Humanity and eating, take 2

Did anyone see the Op-Ed in yesterday's NYT entitled "Don't Presume to Know a Pig's Mind"? How relevant to all I've been thinking about even more than usual lately. Blake Hurst, the writer, used to be a hog farmer and now grows corn and soybeans (hmm...wonder how that switch occurred? Farm Bill and what it subsidizes, anyone?) and is the president of the Missouri Farm Bureau. In essence, he seems to be mocking Chipotle's claim to use "happier pigs" in the food they serve, saying they don't tell us how such porcine happiness is measured. Because the "end result is a plate" for pigs headed to the slaughterhouse anyway (his quote, definitely not mine), Mr. Hurst feels that Chipotle's message is pernicious, costing hog farmers money because they have to comply with new calls to treat the animals better. For example, no more gestation crates. These are basically prisons which hold pregnant sows in place so that their food intake can be monitored; otherwise, they eat more than other pigs and can be aggressive about it. Um, having been pregnant twice, I can tell you that A) I definitely ate more than usual and probably more than my non-pregnant friends, B) I was definitely aggressive about said eating because when hunger pangs strike a pregnant gal, watch the freak out, and C) being pregnant is not real comfortable; if I'd been unable to move -like, at all!- I would have gone batshit.

Obviously humans and pigs aren't the same, but pigs aren't stupid; in fact, they're known to be bright, social and playful, and in my humble opinion, it makes perfect sense that any pregnant animal is going to try to consume more food because she is growing another animal inside her and that it would be stressful to not be able obtain such a basic need. Let me be clear about these gestation crates too; they aren't just small, they're miniscule. Several years ago, the Animal Legal Defense Fund filed suit against Corcpork, California's largest industrial pork farming operation, asserting that the crates they used violated anti-cruelty laws because: they were so small that "that the sows’ bodies are permanently forced into the bars at either end. These mothers spend virtually their entire lives pushed into hard, cold   metal, with hard concrete floors beneath them, without relief. These highly intelligent and sensitive animals cannot turn around. They cannot scratch. They cannot walk even one foot forward or backward. They are locked in these crates without the ability to engage in any of a pig’s natural activities. All the while, they are forced to endure a constant cycle of pregnancy followed almost immediately after giving birth by impregnation, until their tired bodies finally give out (ALDF website)."

Corcpork backed down and promised to phase out the use of these pens.

Back to the article from yesterday. Reading through Chipotle's website, you'll easily find an entire section on their Food With Integrity mission which is much more substantive than simply writing about how happy their animals are before they head into a burrito. For one, Chipotle, as we all should be, seem sincerely concerned about the rampant overuse of antibiotics in farmed animals: "According to the Union of Concerned Scientists, American pork producers use over 10 million pounds of antibiotics per year to keep their confinement raised pigs from getting sick. That's more than an estimated three times the amount used to treat all human illness." Gross and unnecessary if you don't force pigs into pens where disease breeds.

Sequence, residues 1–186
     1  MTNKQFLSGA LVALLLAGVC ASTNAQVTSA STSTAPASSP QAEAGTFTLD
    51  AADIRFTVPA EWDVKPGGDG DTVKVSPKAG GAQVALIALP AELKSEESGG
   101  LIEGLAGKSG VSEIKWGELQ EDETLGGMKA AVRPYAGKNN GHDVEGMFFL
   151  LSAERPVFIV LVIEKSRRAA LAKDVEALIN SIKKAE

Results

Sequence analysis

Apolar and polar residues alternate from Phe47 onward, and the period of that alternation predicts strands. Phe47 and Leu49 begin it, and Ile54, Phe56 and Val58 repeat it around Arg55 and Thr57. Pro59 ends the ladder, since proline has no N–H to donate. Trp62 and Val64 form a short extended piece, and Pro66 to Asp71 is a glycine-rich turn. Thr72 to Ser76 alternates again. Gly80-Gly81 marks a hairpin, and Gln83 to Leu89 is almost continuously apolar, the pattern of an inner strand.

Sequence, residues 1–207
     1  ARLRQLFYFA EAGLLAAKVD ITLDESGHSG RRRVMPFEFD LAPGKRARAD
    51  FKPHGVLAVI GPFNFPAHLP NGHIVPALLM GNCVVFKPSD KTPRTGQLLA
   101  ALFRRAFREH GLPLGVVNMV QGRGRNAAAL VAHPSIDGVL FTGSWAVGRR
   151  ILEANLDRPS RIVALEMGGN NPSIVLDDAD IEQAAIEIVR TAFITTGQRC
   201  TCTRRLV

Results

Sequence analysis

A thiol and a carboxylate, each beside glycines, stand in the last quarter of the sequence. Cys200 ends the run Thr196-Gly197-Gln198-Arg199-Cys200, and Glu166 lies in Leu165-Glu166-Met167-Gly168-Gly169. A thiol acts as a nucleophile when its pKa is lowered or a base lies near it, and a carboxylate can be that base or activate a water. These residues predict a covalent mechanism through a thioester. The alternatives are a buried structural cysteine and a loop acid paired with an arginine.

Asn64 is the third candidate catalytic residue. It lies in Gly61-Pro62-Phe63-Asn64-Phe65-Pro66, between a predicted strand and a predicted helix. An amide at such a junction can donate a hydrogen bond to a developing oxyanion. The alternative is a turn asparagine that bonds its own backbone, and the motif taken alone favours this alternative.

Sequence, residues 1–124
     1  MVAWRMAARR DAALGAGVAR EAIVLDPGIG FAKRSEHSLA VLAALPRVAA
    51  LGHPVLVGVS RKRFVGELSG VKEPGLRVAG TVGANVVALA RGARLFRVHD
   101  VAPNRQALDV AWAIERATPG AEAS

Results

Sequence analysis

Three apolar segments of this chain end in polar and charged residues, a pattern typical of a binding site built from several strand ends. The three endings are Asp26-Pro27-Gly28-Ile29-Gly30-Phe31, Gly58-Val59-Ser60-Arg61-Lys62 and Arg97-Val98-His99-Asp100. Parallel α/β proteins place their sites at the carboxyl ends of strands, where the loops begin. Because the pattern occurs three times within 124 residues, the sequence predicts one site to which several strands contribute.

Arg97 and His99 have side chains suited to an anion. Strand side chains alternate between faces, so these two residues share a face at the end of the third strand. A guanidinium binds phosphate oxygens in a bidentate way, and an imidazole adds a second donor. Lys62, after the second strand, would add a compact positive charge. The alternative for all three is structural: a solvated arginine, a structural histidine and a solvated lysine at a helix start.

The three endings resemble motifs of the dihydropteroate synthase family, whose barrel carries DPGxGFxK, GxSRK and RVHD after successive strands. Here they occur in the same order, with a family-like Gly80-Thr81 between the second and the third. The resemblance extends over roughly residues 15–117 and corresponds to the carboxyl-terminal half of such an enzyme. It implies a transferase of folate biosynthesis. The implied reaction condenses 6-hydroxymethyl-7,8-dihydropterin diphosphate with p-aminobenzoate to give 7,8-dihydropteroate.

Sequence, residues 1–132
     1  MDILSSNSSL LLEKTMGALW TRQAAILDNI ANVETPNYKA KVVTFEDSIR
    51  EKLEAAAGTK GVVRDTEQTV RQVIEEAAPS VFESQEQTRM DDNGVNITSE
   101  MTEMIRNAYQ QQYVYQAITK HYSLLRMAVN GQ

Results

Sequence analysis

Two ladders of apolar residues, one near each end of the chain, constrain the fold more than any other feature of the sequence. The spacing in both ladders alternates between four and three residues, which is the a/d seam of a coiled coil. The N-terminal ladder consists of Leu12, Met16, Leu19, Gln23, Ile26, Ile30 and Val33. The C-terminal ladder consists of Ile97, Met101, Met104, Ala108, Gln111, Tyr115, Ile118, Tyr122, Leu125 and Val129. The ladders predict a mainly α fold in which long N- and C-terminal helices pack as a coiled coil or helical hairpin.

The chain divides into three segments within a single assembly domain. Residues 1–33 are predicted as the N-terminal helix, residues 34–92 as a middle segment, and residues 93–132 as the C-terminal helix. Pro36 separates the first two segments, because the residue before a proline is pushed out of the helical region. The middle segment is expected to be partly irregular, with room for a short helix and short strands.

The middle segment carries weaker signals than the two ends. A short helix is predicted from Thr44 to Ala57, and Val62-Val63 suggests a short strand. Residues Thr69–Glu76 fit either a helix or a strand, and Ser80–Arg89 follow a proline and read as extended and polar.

As well, how often do you read about the deleterious effects of stress and stress hormones on the human body? I find it exceedingly anthropocentric that we would not presume the same to be true for animals, and as such, why would we treat them in ways that could make the meat we then intend to eat less healthy? Chipotle seems to care about this too, hence the "happier pigs" claim.

Look, the agricultural-industrial complex in this country is a monolith with huge amounts of lobbying, money and power behind it. It doesn't want transparency, traceability or accountability because all of those undermine the bottom line of profit. "Farms" can slap the label of natural, free-range and other feel-goods on their products with ease, too often because those claims mean little to nothing. Chipotle's website makes me feel better, but who knows how much is really accurate? Words are easy. In this context, it's incredibly hard to really find out where your food is coming from, how it's been treated, grown, produced, cared for. Even at high-end, socially conscious stores like Whole Foods, the options for truly free-range, REAL chicken are few. The Whole Foods and Kosher Valley labels are rated 2, the second lowest mark (the scale goes up to 5+). 2 signifies nothing more than that an "enriched environment" was provided to the chickens. This does NOT include "enhanced outdoor access" (step 3), pasture-centeredness (step 4), or animal centered: bred for the outdoors (step 5). Can you believe that? You have to get to 5 to obtain an animal bred for the outdoors?

I find it really disheartening, disillusioning and sad. More to come.